In our field we like to use the word “community,” and we like to use it a lot. We talk about servicing community, about reaching community, about sharing community, and creating resources for community. We drop these words in our grant proposals, on our websites, and in our mission statements. We have been taught that “community engagement” means a broad range of programs everyone and anyone can relate to. And we’ve done a disservice to our own audiences, and ourselves as practitioners, through this thinking.
There is no singular, binary, blanket “community.” It simply does not exist. Think of your own world, and the many micro-communities through which you float in and out of. Think of the art world you see (or used to) at openings and parties in the city you live in. Expand that bubble and think of the communities of artists you meet while in residence or visiting somewhere new. Think of the family that you see on a regular basis, the ones who have no idea what your actual job is and/or ask what you do for a living, and think of those outside that radius — the extended family you see once a year during major holidays. We all live with and interact with multiple communities every day, and these communities influence us, shape us, determine us. They are not homogenous. They are unique, and interconnected through our unique interactions with every single one of them.
Our lives are made up and shaped by many different communities, and places are constructed in the same ways. Cities and towns are made through the many micro communities of people and personalities that call them home. Bartlett is no different. It’s a town of fewer than 2,000 residents from many communities that carry the memory of their place, and most days add their own flavor to it as well.
There is no homogenous Bartlett community. It’s a town many communities call home, and each one of these communities has different stories about their home, seeks different things from its infrastructure, and wants to see success for their town and fellow residents. The communities interact with one another — or don’t — and each has its own story and lives its own life, either peripherally from the other communities, or not. Each story is different. Place is made of people, and inevitably people make communities.
Working in a place requires the commitment to listening, to putting aside biases and the impulse to act on our preconceived notions of what is best for others. Working in a place means committing to multiple communities, to hearing suggestions, to recognizing the resources that can be shared without overtaxing any one person or group, and to having realistic expectations of outcomes. This is how trust is built in any community, especially one that has experienced disenfranchisement and marginalization, and has suffered the kind of boom-and-bust history Bartlett has.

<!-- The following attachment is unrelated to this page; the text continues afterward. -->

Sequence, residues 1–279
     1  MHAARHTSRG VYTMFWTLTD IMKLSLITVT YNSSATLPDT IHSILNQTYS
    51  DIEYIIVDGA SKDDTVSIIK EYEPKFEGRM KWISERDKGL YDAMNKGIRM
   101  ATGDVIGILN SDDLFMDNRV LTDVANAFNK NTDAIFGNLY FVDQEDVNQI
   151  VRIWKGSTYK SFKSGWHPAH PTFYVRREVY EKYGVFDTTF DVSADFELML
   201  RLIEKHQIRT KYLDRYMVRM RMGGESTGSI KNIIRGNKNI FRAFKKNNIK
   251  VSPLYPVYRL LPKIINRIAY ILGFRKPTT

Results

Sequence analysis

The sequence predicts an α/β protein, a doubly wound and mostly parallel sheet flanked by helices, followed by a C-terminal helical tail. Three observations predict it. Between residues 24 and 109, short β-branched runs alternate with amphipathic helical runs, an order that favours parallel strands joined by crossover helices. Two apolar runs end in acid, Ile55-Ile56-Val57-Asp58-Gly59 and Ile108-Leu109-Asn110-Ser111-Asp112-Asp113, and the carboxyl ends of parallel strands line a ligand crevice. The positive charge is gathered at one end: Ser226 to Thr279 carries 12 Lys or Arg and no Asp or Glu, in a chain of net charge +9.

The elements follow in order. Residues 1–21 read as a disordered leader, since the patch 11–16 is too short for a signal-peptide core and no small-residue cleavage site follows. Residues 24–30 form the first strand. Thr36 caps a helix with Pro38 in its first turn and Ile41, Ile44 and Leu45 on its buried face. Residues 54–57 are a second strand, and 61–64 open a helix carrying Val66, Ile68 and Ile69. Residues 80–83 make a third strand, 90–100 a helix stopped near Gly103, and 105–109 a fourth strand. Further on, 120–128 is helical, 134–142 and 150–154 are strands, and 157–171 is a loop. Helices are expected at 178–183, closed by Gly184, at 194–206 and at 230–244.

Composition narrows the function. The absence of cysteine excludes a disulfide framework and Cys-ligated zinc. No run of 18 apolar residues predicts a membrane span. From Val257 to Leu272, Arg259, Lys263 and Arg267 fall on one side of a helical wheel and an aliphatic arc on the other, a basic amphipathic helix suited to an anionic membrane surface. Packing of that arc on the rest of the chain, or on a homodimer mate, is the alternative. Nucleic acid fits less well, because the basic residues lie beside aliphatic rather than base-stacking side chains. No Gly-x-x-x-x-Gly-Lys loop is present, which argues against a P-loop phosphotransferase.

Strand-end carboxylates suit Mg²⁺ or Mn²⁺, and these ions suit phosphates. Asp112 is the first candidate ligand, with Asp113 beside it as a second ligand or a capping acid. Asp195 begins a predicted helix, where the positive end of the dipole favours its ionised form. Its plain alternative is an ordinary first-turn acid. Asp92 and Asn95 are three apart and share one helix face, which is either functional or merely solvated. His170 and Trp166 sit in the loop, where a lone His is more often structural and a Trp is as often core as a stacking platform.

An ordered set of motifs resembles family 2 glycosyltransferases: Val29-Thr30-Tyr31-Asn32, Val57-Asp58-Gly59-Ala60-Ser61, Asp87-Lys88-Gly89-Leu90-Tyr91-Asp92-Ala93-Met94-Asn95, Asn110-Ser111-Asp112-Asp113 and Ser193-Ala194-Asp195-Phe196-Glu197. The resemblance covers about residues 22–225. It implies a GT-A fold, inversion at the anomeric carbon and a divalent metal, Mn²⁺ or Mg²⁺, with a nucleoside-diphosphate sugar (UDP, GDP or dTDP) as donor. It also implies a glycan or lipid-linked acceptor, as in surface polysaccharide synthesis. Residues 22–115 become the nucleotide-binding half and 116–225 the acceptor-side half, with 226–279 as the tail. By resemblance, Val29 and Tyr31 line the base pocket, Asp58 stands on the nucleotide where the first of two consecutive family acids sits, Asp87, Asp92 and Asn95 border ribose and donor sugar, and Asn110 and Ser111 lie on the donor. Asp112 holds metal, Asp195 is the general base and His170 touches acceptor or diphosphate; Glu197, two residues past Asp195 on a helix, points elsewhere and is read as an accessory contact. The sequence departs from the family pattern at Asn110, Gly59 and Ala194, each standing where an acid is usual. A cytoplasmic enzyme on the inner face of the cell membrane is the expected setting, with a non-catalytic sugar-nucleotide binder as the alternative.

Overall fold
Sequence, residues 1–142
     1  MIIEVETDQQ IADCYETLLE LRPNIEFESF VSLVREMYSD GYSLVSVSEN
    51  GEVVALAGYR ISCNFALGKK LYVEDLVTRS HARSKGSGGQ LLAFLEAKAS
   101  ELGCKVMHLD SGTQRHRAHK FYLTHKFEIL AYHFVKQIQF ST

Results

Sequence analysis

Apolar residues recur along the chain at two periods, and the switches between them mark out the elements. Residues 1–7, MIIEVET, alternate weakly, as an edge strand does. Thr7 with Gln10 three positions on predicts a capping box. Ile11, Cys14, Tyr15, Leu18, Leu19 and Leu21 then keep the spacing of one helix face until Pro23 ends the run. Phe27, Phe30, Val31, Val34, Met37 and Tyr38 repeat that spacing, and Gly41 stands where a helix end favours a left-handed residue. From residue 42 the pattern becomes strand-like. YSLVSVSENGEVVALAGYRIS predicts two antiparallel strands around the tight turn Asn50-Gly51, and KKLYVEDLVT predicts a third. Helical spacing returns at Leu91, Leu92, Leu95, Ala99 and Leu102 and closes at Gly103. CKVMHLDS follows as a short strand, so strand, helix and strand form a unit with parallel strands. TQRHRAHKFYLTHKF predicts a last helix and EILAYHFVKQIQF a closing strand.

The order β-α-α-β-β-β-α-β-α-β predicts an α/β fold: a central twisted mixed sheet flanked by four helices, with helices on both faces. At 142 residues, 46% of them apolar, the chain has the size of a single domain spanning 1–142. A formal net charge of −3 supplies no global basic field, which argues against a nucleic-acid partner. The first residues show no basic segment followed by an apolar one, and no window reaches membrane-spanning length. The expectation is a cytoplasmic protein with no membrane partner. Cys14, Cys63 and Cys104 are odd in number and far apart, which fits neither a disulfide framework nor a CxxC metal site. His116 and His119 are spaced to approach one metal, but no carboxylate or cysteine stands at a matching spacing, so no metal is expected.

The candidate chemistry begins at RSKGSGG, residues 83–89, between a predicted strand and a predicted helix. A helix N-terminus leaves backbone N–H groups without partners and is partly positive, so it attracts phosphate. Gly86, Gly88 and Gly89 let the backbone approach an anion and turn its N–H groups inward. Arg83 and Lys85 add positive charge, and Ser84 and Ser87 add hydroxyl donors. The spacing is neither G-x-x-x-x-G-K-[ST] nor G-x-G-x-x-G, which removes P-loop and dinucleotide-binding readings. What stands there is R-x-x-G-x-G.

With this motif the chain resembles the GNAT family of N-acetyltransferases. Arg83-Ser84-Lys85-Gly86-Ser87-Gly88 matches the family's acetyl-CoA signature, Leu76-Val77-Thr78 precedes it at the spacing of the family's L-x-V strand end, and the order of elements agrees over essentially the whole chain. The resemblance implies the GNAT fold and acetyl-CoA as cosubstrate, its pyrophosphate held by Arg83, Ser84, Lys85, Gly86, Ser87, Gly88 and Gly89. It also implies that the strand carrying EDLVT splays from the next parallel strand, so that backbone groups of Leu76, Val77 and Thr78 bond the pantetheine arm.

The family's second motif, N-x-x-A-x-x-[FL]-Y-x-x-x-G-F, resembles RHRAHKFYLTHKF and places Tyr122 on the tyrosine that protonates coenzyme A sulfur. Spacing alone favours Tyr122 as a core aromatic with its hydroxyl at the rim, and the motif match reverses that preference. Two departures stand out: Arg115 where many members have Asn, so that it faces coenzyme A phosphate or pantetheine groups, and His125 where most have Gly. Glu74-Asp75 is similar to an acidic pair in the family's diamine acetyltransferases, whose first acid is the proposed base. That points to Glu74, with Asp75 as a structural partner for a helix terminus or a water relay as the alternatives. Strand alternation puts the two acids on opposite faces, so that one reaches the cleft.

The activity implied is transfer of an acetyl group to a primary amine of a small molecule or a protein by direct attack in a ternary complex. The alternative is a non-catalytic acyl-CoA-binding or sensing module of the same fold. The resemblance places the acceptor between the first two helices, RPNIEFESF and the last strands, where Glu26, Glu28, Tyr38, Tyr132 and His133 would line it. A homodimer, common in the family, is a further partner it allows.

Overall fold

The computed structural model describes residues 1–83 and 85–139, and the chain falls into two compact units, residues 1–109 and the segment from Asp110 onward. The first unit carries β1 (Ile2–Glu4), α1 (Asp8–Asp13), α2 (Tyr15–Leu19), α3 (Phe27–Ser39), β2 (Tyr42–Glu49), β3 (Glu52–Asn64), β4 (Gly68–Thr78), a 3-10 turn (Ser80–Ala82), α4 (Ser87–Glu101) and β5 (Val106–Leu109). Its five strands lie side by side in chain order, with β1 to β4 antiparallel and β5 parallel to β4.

Engagement requires commitment. Story seeking requires trust from the storyteller, and mutual trust is earned by sharing circumstances, rather than viewing from a distance. When it comes to community engagement and civic “revitalization” through the arts, sharing space and taking the time to really listen is the least that we can do.
Through the process of organizing the Bartlett Project exhibition, I’ve been so impressed with the many ways that the participating artists have interacted with the various communities of Bartlett. I’ve also been equally impressed by how open those communities have been in receiving us. I firmly believe in being a good visitor, but I also believe in the role of a good host, and Bartlett has been a host unlike any other. I have watched as Jade collected fabric gifted by Mrs. Kathy of the Bartlett Activity Center; I witnessed the collection of bricks that made her installation come alive. I watched in admiration as Emmy connected with Ms. Rachel at the school, and really invested her time in the community of educators and students in Bartlett. And I listened to the stories that Mark collected from the elderly community in the WIll O’Bell nursing home, who shared their stories of growing up in Bartlett and the surrounding areas, and about the many changes residents had seen over the decades.
I have watched all of us connect with multiple communities in Bartlett, and I have witnessed our exhibition growing and evolving as these many communities shaped us. That’s what Bartlett does. It changes you, it opens you, it allows for the space to recognize many at once, and many all the time.